The Lamar Library is applying for a $10,000 Colorado State Library CARES Act grant which provides software programming to connect students who are home-bound due to the coronavirus to the library’s Overdrive account. The funds will purchase materials which are accessible for educators, students and the general public.

The city is approving an agreement with JVA Consultant Engineers for a general/on-call services contract. JVA has been hired by the city since 2013 to perform a number of services relating to water and wastewater infrastructure, general civil and structural engineering and construction inspection services. The city has proposed a set fee structure ranging between $112 to $208 per hour. Other costs will be reimbursed at 1.1 times the direct cost. On that note, the council approved another agreement with JVA to analyze current water demands and wastewater flows and loading as well as consider impacts to existing facilities and infrastructure. A detailed overview of the city’s comprehensive water works and a rate study will be included in the Master Plan. The cost of the analysis is $124,900.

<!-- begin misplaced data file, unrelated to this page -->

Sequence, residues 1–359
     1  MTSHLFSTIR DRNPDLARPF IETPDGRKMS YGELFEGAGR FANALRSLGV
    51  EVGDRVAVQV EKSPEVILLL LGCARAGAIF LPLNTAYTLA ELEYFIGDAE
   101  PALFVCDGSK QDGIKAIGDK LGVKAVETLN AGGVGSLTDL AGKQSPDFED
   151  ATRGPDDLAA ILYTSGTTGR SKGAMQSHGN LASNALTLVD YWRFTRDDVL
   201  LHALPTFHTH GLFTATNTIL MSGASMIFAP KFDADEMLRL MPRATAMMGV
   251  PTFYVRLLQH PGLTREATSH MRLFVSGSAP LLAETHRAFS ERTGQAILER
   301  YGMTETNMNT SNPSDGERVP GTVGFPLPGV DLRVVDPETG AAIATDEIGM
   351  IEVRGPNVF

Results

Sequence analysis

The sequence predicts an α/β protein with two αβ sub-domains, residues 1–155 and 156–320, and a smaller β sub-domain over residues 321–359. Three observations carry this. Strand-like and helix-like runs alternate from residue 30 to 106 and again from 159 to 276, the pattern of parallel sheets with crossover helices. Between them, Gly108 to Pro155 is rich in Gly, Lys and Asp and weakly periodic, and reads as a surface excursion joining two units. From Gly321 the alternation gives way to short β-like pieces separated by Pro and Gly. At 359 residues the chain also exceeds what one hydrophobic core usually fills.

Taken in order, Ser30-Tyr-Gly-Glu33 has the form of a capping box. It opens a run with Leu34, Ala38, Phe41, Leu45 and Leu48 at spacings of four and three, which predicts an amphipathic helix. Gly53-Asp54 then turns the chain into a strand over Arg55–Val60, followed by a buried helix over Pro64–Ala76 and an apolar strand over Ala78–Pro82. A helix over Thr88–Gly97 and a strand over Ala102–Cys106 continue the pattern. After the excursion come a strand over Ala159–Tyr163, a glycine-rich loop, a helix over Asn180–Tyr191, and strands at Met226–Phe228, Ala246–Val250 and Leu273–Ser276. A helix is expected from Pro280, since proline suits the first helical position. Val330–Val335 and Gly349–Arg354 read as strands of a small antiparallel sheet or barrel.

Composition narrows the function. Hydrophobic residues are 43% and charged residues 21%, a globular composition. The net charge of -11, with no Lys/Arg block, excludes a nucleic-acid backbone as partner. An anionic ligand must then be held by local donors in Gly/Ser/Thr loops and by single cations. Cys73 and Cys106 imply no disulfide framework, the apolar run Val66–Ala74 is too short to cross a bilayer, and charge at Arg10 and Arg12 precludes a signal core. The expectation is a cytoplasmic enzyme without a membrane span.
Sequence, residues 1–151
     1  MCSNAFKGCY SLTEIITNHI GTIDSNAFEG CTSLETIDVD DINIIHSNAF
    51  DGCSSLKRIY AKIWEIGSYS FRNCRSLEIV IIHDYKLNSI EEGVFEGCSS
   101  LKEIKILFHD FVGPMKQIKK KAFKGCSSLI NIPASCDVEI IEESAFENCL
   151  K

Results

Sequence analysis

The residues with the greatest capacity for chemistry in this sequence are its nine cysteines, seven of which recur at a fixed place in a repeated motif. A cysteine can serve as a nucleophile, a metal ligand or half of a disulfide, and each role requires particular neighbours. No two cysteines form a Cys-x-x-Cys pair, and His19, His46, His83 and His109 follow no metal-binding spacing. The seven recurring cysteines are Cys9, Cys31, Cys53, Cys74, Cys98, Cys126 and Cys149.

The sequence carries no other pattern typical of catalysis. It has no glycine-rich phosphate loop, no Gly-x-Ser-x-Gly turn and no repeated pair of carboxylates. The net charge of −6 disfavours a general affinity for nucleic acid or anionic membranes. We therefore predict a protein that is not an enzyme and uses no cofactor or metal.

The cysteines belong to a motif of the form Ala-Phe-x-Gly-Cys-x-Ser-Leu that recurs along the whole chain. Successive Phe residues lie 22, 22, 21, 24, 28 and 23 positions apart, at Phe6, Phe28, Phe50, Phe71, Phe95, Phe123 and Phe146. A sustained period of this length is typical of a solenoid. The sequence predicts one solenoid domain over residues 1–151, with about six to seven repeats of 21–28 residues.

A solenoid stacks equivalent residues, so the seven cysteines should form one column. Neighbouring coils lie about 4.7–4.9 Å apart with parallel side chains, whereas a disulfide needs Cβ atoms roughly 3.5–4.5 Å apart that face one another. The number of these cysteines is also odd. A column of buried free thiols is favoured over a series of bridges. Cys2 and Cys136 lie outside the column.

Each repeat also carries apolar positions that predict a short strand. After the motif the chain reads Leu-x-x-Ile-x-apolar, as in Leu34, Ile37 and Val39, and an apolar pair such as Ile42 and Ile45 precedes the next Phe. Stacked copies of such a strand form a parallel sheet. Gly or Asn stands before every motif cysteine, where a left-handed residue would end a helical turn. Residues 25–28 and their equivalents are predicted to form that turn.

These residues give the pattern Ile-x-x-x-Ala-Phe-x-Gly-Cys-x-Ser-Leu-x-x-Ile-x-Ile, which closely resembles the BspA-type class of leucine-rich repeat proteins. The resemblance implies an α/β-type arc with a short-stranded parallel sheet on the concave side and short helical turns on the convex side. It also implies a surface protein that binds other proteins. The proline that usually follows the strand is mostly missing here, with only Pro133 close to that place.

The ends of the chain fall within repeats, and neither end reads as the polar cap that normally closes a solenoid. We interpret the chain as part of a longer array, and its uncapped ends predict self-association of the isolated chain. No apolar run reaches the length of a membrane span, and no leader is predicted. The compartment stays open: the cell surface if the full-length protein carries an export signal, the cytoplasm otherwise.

Chinese Built YAK at Lamar Airport

In other action, councilman Oscar Riley, noted the Red Star YAK airplane organization will return to the Lamar airport for its annual gathering from September 17-20th this year, aerobatic competition will be held at the airport on the first weekend of October and it was suggested that in order to heighten awareness of the airport in the community, the council contact the county to suggest a new descriptive name for CR GG2 that leads into the airport.

City offices will be closed Monday, September 7th for Labor Day and the 9/11 Tribute activities have been postponed to Saturday, September 11, 2021.
By Russ Baldwin


Filed Under: City of LamarEconomyFeaturedHolidayHousingPolice ReportPublic SafetyRecreationTourismTransportationUtilitiesWater